Thursday, May 31, 2012
Thursday Morning Cupcheck - Devils and Kings: Behind the Hatred
This week, we break down the stats behind the fist breaking down your face.
Good morning, hockey fans! Last week we revealed that Kings "captain" Dustin Brown might not be the actual Anti-Christ. This week, it's time to stop moping around the house explaining to random inanimate pieces of furniture how the Dallas Stars would cruise through this year's weak Western Conference like a knife through hot orca, and finally admit that there is a Stanley Cup Final being played by two teams that nobody wants to watch.
Unlike last year's Cup Finals, which featured two evil supervillain teams in an epic battle for world dominance, this year's matchup is more like a fight between two middle-aged shirtless Juggalos in the Denny's parking lot after their rival Korn tribute bands were double-booked on Dollar Draft Nite. In a word: swanlike.
Game 1 didn't disappoint, either, unless your definition of disappointment matches the one in the dictionary. The losing team had 17 shots -- in a game that went to overtime -- and both teams were tied at 5 shots apiece through the first 20 minutes, with 96% of the action best described as a cross between "neutral zone turnover" and "puck moving slowly along the boards." The game was mercifully put to rest halfway through the first overtime when two Devils defensemen figured Justin Williams along the wall was way more dangerous than a completely uncovered Anze Kopitar streaking up the middle.
Not shockingly, that play wouldn't even crack the top 10 worst plays by Kings opponents this postseason.
But there's more to this series than missing open nets, cheap shots, and dives. There's also Fun Facts! Here are some of the important numbers that will shape your world over these next three games.
9 - The number of consecutive road wins by the LA Kings, an NHL postseason record that will stand for all eternity.
9 - The number of consecutive hotels Dustin Brown has been kicked out of for wetting the bed, the fourth-longest streak of his career.
8.0% - The Kings' powerplay percentage in the postseason, their one glaring flaw in an otherwise flawless playoffs.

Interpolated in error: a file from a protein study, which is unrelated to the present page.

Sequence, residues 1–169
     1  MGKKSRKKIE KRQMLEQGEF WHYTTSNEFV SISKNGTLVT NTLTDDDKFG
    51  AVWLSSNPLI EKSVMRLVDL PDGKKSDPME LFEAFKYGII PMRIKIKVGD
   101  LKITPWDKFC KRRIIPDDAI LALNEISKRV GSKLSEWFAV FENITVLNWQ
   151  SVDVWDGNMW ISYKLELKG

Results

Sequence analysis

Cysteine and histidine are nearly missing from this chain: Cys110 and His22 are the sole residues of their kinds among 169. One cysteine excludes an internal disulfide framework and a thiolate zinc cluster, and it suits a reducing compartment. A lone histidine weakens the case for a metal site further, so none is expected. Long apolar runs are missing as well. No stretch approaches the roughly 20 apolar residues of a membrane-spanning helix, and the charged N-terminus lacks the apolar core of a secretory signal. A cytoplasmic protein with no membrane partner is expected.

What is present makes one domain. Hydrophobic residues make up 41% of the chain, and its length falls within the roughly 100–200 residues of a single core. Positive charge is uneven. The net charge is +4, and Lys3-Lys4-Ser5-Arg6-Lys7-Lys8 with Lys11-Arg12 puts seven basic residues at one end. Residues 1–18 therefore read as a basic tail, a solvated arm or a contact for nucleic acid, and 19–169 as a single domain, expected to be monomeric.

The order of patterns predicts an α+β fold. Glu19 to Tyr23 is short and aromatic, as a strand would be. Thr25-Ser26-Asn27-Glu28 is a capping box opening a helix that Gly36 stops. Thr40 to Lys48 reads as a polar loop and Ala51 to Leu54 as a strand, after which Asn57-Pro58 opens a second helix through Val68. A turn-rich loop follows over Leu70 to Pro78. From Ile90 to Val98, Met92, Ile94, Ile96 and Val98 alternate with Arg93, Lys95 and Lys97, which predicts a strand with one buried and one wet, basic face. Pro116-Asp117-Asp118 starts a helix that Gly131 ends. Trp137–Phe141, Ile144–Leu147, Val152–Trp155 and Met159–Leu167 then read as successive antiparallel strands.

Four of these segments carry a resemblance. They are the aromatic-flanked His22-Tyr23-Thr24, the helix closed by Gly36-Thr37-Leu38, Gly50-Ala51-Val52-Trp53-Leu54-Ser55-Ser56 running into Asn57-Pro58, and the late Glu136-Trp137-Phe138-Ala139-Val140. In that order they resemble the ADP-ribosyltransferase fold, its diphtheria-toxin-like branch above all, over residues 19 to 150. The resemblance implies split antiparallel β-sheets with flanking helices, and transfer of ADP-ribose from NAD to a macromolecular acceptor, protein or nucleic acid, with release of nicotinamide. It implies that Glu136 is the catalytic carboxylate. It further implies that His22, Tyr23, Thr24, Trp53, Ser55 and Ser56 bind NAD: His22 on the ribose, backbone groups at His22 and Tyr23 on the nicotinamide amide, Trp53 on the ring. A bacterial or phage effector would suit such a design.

8.0% - Drew Doughty's strikeout percentage at Saddle Ranch, his one glaring flaw as an otherwise flawless human specimen.
2003 - The last year the Devils had a successful postseason run, in which they met an overachieving Pacific Division team that relied heavily on otherwordly netminding, illegal holding away from the puck and timely overtime goals, which they capped off with one of the most unwatchable 7-game series in NHL history.
2003 - The year the Kings watched silently from a darkened corner ... waiting.
18 - The proposed drinking age in Atlanta, following the Devils' elimination of the New York Rangers.
.946 - Jonathan Quick's postseason save percentage, currently even higher than Tim Thomas' epic .940 in Boston's Cup run last season.
.946 - Blood-alcohol level of former Stars GM Doug Armstrong, who passed over Quick with the 71st pick in the 2005 draft to select Richard Clune, who played 14 games in the NHL, all with the Kings.
Just One - The number of playoff series LA won in the last 18 years before this season.
Just One - Number of times Barry Melrose is going to ask you if you're going to eat that.
66% - Road teams' winning percentage this postseason, essentially negating home-ice advantage for regular-season darlings.
66% - Vancouver and the Rangers' winning percentages against the Minnesota Wild and NY Islanders, respectively, essentially ensuring home-ice advantage for regular-season darlings.
Four - Number of games the Kings would have to win the Finals in to tie the 87-88 Edmonton Oilers for fewest games played in a Stanley Cup-winning season (18).
Four - Number of additional Stanley Cups after this one LA would have to win in a six-year span to ever be mentioned in the same breath as that Oilers team ever again.
That's it for this week's Peabody-winning investigative journalism. Tune in next week when we break down the exact height and dimensions of the Kings' bandwagon.